And all across America volunteers have knitted more than 100,000 red hats that are given to newborn babies at hundreds of hospitals.
In southwest Missouri, more than 2,000 hats have been distributed to hospitals in six communities.
And a man from Richland, Mo. is certainly doing his part to help out.
Clemont Sheeley worked in a shoe factory in his 20’s. And now, 60 years-later, he’s a one man hat factory for the Little Hats, Big Hearts campaign put on by the American Heart Association.
“Made 75 the first year and 360 last year,” Clemont recalls.
“He literally supplied enough hats for one of the hospitals here in Springfield for the month of February so that says a lot,” adds Peggy Scott with the American Heart Association of Springfield.
A heart patient himself, Sheeley is an avid fisherman and self-sufficient person who still climbs into the trees outside his home with a chainsaw to cut wood.
“He’s 87 years-old,” says his daughter Pam Sewell. “He’s not one to sit.”
“In the winter time I try to do something,” Clemont adds. “I don’t like to sit here and look at these walls.”
He’d taken up latch-hook rug making years ago, but balked when his daughter brought up knitting.
“I knit with knitting needles,” Pam said. “I always told him I was going to teach him how to knit. And he said, ‘I’m not ever going to knit. You’re never going to get me to knit’.”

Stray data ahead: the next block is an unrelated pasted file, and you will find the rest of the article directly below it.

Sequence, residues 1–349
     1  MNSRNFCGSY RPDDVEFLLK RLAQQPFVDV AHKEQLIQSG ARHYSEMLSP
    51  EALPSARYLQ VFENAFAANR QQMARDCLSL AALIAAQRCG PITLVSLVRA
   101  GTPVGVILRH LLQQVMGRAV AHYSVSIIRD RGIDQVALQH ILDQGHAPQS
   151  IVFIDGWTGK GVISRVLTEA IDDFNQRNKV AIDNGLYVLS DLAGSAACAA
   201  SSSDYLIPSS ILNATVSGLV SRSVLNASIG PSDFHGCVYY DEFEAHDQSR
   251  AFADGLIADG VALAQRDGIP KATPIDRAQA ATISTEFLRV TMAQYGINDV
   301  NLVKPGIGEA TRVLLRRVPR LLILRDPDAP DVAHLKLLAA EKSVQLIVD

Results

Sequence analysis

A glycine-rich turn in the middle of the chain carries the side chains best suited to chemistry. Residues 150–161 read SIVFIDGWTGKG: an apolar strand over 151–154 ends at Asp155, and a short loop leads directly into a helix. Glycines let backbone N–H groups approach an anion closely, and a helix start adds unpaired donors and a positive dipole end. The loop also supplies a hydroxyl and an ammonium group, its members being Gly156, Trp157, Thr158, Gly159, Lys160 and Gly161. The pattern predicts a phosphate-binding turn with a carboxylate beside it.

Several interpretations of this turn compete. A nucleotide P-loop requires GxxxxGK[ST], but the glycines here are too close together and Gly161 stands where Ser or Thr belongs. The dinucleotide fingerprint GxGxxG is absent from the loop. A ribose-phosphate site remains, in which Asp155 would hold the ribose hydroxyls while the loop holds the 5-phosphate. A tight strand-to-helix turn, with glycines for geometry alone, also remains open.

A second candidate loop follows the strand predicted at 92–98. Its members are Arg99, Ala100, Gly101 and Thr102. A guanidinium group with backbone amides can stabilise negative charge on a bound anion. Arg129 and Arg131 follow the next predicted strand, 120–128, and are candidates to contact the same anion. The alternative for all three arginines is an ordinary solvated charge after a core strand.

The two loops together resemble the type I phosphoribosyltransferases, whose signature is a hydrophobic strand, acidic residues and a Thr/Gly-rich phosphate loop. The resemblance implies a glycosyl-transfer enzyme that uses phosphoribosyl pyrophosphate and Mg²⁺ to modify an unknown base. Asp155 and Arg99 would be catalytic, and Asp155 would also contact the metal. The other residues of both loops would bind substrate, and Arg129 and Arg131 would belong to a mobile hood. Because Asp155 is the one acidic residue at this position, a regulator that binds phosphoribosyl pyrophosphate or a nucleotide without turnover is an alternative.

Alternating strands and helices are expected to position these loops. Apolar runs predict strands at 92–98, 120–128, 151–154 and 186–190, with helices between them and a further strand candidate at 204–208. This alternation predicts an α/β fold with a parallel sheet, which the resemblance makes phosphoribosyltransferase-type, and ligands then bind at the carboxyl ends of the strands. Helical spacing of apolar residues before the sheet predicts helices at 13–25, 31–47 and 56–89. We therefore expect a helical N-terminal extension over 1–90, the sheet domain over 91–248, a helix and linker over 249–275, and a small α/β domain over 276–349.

“I was apprehensive at first,” Clemont admitted. “But I thought shoot, I’ll try it. Well, I didn’t stop. I’m still a-going.”
To be fair, it is loom-knitting, which is a bit different. And now he’s enlisted his son-in-law Joe Sewell from Nixa, as the two not only make hats for newborns, but also for adults and youngsters at schools. For free of course.
“It just gives me a thrill,” Joe said. “I’m thinking, I wonder what baby goes on. Is it a boy or a girl? Hoping they’re healthy.”
Unfortunately Sheely’s health has been affected by the project as he’s developed arthritis.
“Of a morning these hands are all swollen,” Clemont said. “Never did have it until I started making the hats. But I’m gonna keep working. I ain’t gonna stop.”
And it’s certainly safer than climbing into trees with a chainsaw at the age of 87.
“Well, I agree with ‘ya,” Clemont said with a smile. “Yeah, I’ll say that.”
“I just think he reminds me of people I knew when I was growing up in a small town,” Scott said. “I hope that when I’m 87 I’ll be able to do the things that he is doing for his community.”